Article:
We start with a mix of small plates that provide the opportunity to graze ahead of some heartier main courses. The padron peppers (£9) glisten under the lighting and avoid the pitfalls that some kitchens fall into with this option. They are en-pointe scorched, not too greasy and have not collapsed into a shrivelled mass.

Alongside to provide some crunch with the conversation, we devour crispy and aromatic mini poppadoms.

The main course, which at our request is served as it comes, is a very British favourite that tastes of freshly caught ingredients and an imaginative reworking of ingredients of a well-known dish. Fish and chips (£19) have their role in the meal enhanced with a light batter.

For those who prefer an alternative approach there is also breaded cod 'n' chips. A not dissimilar offering is the katsu 'n' chips.

At the staff's recommendation, it was the butter chicken with light-as-a-feather jasmine rice (£27) that offered some star power. The sauce was ideally composed and the quality of the chicken meat noticeably top notch.

Stand-out dish

If the offerings so far tend towards the casual but extremely well executed, desserts were a step beyond the relaxed approach. Listed on the menu as loose ends, these were was anything but hashed-together sweet endings.

The spiced apple, Yorkshire rhubarb and macadamia nut crumble with vanilla creme Anglais (£8) was a riot in every mouthful without being demotic or hitting a wrong note. The dark chocolate and passion fruit mousse (£10) similarly worked at several levels of light and shade to make for a delicious and engaging dish to finish off.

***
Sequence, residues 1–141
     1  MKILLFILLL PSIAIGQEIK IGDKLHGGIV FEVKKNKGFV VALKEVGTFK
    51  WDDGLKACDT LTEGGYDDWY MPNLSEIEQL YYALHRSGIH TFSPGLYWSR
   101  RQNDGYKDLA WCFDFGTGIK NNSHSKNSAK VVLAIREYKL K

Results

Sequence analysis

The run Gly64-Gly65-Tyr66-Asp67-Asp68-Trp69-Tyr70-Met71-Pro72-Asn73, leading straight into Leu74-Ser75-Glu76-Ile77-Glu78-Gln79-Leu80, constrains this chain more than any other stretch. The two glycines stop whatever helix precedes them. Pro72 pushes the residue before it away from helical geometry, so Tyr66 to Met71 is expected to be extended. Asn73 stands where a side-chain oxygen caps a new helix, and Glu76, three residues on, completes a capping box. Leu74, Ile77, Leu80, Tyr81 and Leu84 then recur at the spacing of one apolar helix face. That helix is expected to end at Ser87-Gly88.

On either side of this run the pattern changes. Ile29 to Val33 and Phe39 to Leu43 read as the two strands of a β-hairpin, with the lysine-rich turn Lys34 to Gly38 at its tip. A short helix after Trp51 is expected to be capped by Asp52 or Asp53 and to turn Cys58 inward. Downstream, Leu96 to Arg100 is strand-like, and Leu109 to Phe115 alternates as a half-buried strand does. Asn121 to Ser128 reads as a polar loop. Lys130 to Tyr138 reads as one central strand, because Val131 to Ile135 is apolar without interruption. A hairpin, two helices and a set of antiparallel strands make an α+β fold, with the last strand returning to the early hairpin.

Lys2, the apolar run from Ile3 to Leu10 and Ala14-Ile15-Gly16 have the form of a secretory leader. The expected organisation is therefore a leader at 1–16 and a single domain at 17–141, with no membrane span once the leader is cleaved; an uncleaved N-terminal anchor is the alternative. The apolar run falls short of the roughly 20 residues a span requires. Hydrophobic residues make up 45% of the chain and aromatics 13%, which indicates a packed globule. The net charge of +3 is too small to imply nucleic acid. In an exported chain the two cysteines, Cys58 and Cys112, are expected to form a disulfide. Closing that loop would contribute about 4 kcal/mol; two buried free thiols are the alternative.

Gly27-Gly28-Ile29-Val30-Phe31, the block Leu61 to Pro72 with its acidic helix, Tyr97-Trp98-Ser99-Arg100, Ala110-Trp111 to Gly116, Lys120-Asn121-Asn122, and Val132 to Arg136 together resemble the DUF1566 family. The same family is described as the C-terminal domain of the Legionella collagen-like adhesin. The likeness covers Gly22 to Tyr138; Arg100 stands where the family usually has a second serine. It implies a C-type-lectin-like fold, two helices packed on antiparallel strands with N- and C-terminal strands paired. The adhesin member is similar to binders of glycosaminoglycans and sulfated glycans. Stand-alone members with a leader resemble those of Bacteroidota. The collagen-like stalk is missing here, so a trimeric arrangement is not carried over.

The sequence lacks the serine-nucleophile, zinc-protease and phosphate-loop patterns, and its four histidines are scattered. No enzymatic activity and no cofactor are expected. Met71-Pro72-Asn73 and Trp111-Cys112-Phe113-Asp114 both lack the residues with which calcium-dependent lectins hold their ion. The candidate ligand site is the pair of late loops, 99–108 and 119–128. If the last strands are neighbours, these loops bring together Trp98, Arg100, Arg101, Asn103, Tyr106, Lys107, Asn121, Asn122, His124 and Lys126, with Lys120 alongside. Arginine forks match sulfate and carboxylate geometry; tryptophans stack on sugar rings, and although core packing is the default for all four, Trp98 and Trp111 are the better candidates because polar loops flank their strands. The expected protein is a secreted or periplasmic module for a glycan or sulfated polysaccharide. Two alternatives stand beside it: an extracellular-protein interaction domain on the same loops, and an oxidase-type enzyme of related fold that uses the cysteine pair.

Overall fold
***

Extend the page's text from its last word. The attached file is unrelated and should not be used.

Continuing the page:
A chat with the chef

Dugan talks with pride about his role as the master of the catering at a London grand hotel that hasn't joined the trend of outsourcing outlets within its domain.

The kitchens he runs therefore seek a uniform standard throughout. This can mean providing rapid and casual meals as well as multi-course offerings for hundreds of people in the ballroom at functions. Having attended one such gathering that featured Queen Camilla as guest of honour late last year, I can attest to the high standard of the food brought to the table on that occasion.

At Smith & Whistle, he sets out to ensure the dishes are built from the start. He likes to engineer food rather than rip up the menu and start again. In fact, the butter chicken was overhauled, having been pulled from the menu. That involved talking with a member of the kitchens from Mumbai about its authenticity and consulting with specialist suppliers for just the right elements of coriander and fennel seeds as well as selected chillies.